A team of security researchers have discovered, analyzed and then cracked a new ransomware version known as Alpha Ransomware, spotted during the past week.
The ransomware works in a strange way compared to other versions. When it infects a victim, Alpha will selectively encrypt files.
On the system drive (usually, C:), it will only target 249 file types in the Desktop, My Pictures, and the Cookies folders. On other drives, it will encrypt all files except INI files. On shared folders it will encrypt all files it finds.
Crooks asks for $400 in iTunes gift cards
The ransomware uses AES-256 encryption to lock files, and then it appends each file’s name with the .encrypted extension.
After the encryption process ends, the ransomware adds a ransom note in text format in each folder where it encrypted files, changes the user’s wallpaper (see image attached to article), and then deletes itself.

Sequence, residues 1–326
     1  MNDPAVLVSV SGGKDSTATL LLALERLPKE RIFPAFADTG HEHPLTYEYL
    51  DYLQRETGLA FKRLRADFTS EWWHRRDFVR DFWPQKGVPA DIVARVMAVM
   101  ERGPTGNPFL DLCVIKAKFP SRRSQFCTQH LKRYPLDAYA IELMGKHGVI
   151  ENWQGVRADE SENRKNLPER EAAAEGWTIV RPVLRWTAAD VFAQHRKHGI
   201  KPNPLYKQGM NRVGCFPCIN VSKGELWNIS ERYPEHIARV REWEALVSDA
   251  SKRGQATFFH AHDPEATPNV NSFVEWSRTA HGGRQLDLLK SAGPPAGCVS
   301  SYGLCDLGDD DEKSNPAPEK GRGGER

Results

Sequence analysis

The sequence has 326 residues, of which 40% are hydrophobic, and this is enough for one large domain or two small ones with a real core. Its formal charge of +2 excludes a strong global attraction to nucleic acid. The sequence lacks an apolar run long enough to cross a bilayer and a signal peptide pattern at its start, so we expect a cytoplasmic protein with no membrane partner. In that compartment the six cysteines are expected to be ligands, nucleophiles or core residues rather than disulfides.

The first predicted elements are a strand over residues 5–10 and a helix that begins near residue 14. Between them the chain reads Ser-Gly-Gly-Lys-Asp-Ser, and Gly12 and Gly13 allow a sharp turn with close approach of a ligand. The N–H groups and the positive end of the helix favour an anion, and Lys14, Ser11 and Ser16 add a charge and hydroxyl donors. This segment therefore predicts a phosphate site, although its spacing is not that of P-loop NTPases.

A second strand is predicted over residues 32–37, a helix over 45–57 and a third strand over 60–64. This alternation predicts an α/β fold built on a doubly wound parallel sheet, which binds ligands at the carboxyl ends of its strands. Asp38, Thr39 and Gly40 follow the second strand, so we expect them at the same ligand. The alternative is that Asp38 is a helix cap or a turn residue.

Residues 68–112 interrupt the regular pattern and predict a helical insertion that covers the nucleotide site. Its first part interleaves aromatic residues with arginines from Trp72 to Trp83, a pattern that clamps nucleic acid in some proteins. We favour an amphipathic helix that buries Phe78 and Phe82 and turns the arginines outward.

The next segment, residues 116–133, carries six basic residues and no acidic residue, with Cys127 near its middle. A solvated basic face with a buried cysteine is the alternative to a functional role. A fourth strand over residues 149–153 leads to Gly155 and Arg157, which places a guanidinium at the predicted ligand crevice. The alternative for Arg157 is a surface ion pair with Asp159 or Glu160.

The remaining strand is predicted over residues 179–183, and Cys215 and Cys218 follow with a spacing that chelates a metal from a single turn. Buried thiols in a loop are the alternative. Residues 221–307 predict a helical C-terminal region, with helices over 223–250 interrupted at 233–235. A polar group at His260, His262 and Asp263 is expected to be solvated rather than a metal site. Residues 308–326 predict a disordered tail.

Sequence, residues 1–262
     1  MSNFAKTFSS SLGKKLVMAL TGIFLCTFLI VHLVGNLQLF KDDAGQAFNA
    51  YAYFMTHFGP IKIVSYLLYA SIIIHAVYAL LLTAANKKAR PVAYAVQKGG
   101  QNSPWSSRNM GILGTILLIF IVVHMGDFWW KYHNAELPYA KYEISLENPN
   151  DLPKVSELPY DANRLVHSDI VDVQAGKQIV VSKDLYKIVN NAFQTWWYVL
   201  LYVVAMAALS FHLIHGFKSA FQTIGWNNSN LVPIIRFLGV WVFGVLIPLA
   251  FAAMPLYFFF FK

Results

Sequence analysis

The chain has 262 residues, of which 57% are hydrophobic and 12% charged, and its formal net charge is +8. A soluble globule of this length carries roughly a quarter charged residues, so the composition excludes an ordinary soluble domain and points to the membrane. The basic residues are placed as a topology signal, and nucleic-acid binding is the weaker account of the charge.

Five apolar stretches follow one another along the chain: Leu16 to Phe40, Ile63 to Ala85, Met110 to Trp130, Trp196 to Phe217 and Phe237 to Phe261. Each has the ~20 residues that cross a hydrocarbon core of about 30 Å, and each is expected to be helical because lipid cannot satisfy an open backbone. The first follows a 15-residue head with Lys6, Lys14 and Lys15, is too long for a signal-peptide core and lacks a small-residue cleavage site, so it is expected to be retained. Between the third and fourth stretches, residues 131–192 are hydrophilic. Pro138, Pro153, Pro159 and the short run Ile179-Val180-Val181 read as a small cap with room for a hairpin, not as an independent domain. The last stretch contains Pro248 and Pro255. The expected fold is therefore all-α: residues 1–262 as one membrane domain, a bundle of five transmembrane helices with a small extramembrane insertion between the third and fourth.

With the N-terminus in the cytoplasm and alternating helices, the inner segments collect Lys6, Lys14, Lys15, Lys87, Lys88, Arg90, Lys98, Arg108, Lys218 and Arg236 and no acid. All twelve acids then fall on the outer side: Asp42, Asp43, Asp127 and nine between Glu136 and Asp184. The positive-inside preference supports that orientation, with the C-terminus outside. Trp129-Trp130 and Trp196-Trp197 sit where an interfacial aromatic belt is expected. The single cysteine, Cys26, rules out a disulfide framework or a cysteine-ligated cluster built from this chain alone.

According to the ransom note, the crook asks for $400 worth of iTunes gift cards. If used improperly, these gift cards can be traced back to the crook and reveal his real identity. Bitcoin is not used at all, which is an anonymous crypto-currency, currently untraceable.
This is the third ransomware in the last week that was seen asking for gift cards instead of Bitcoin. Researchers previously discovered the Cyber.Police and the TrueCrypter ransomware families. TrueCrypter is also decryptable.
Alpha Ransomware decrypter available for download
Security researcher Michael Gillespie is the one that crafted the Alpha Ransomware decrypter after spotting a weakness in its encryption routine.
The security researchers that analyzed and broken down Alpha Ransomware are Katja Hahn, S!Ri, and MalwareHunterTeam. The decrypter is available for download via the Bleeping Computer website.
The decrypter has a high detection rate on VirusTotal for the Razy trojan. We reached out to MalwareHunterTeam and Mr. Gillespie about this issue, who said it was because of the source code obfuscation. Michael Gillespie, MalwareHunterTeam, and Bleeping Computer have provided many other ransomware decrypters in the past, which did not show up as infected on VirusTotal scans, so you can rest assured they’re the good guys.